You Might Think
|"You Might Think"|
|Single by The Cars|
|from the album Heartbeat City|
|B-side||"Heartbeat City" (US)
"I Refuse" (UK) 7", (US) 12"
|Released||March 1984 (US)
November 1984 (UK)
|Format||7" single, 12"|
|Genre||New wave, pop rock|
|Producer(s)||Robert John "Mutt" Lange
|The Cars singles chronology|
"You Might Think" is a single by The Cars from their fifth studio album, Heartbeat City, which came out in 1984. The track was written by Ric Ocasek, and produced by Mutt Lange and The Cars. Ocasek sang lead vocals.
The track was the first single to be released from Heartbeat City. Thanks in part to a striking video, "You Might Think" became a substantial hit in the U.S. (peaking at No. 7) and in Canada (peaking at No. 8). It also peaked at No. 1 on the Mainstream Rock Tracks chart in the U.S., the first song by the band to do so. In the UK, however, the song only reached No. 88 on the pop charts.
The music video is one of the first videos to use computer graphics. The video features band leader Ric Ocasek and model Susan Gallagher in a series of encounters. Ocasek appears in her bathroom mirror, inside a submarine in her bathtub, in her mouth, as a fly, as King Kong swatting attacking airplanes on top of the Empire State Building and as the Robot Monster, among other incarnations.
"You Might Think" won the first MTV Video Music Award for Video of the Year and was nominated for five more awards (best special effects, best art direction, viewer's choice, best concept video, and most experimental video) at the 1984 MTV Video Music Awards. The video also won five awards (best overall, best conceptual, most innovative, best editing, and best special effects) at Billboard's 1984 Video Music Awards and four awards (best achievement in music video, best editor in music video, best engineer in music video, and best camera in music video) at the Videotape Production Association's 1985 Monitor Awards.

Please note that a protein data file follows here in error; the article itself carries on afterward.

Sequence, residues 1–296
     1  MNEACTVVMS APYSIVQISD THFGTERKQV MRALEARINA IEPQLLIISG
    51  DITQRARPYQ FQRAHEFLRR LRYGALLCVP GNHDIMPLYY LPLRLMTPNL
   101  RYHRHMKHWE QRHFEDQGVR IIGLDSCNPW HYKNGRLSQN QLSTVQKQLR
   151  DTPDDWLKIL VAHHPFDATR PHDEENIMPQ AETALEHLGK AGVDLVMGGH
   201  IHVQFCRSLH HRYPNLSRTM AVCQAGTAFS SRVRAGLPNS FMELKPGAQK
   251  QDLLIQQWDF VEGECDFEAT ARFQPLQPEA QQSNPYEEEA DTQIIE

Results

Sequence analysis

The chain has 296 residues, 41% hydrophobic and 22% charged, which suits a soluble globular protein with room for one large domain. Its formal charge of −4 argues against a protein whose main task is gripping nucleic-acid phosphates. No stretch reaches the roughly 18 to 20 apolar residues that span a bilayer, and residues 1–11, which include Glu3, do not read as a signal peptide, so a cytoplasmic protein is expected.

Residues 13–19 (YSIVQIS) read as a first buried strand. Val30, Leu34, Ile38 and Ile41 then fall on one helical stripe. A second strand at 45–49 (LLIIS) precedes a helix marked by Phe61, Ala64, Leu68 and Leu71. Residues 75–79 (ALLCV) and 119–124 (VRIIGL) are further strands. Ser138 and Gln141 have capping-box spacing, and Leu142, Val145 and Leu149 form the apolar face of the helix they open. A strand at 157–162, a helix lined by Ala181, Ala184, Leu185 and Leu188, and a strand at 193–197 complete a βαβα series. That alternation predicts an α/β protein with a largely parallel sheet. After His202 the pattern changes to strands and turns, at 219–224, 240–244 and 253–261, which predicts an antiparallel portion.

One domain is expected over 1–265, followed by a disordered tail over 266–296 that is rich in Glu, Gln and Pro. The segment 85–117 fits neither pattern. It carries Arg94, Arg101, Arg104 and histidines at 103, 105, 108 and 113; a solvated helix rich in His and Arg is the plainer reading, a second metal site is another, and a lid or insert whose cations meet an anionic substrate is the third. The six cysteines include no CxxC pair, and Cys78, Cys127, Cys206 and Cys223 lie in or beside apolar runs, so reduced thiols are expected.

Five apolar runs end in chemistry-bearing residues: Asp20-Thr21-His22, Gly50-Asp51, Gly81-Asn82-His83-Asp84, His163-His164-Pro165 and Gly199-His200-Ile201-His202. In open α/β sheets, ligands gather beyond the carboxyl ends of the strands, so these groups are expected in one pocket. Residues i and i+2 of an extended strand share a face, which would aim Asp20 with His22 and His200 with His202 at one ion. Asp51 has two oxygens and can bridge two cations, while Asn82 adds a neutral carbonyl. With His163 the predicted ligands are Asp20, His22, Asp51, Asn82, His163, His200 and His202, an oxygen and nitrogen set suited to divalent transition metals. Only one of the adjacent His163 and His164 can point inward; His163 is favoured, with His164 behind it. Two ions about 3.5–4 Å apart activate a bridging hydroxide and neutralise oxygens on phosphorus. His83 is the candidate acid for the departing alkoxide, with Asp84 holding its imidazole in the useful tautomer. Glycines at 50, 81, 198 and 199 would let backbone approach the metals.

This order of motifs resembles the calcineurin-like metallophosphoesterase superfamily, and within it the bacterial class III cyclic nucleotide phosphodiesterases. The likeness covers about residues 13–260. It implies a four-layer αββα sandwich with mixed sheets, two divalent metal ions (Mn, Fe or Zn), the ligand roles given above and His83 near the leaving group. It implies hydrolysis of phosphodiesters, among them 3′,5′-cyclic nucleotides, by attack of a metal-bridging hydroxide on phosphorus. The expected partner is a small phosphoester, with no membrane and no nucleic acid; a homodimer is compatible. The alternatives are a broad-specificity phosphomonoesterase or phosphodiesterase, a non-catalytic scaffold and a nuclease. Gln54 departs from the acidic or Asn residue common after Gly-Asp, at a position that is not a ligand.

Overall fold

Robin Sloane, of Elektra Records creative directed the video, after director Jeff Stein (The Who's The Kids are Alright) showed her samples from New-York-based VFX company Charlex, who were known nationally for the innovative advertisements they were doing weekly for the National Enquirer. The commercials featured the first use of the Quantel Paintbox, the first tool for artists to use directly into the video screen. Jeff Stein, and Charlex founders Alex Weil and Charlie Levi, directed and produced the video. Danny Rosenberg and Bill Weber served both as editors and video engineers, Kevin Jones was the lighting director, Danny Ducovny the cinematographer and Bob Ryzner the art director. The video cost $80,000 to make which was almost triple the average music video budget of the time.
- "You Might Think"
- "Heartbeat City"
- "You Might Think"
- "Let's Go"
- "I Refuse"
|Australia (Kent Music Report) ||24|
|Canadian RPM 100||8|
|Dutch Singles Chart||49|
|New Zealand Singles Chart||27|
|Swedish Singles Chart||20|
|UK Singles Chart||88|
|US Billboard Hot 100||7|
|US Billboard Top Rock Tracks||1|
|US Billboard Hot 100||65|
In other media
- In 2011, American band Weezer covered the song for the Disney/Pixar movie, Cars 2.
- In 2016, the song features prominently in the American television series BrainDead as a leitmotif. The song is used as an indicator of when people have had their brains eaten and bodies taken over by the show's alien invaders.
- Alvin and the Chipmunks covered the song for the 1984 Alvin and the Chipmunks episode "Alvin on Ice".
- The song was also covered by the Japanese band, Mr. Fukushima and his Sweet Hollywaiians, on their 2012 release Same Old Song Book.
- The song was also featured at the start of Where the Money Is and the Regular Show episode "Do or Diaper".
- mvdbase.com - the Cars - "You might think"
- Billboard vol. 96 no. 47 (November 24, 1984), p. 1
- Billboard vol. 97 no. 27 (July 6, 1985), p. 48
- Heartbeat City video compilation, Warner Home Video, 1984
- Billboard vol. 97 no. 20 (May 18, 1985), p. 32
- Frederator Studios Blogs | Channel Frederator Blog | Charlex & Jeff Stein: “You Might Think”
- Kent, David (1993). Australian Chart Book 1970–1992. St Ives, NSW: Australian Chart Book. ISBN 0-646-11917-6.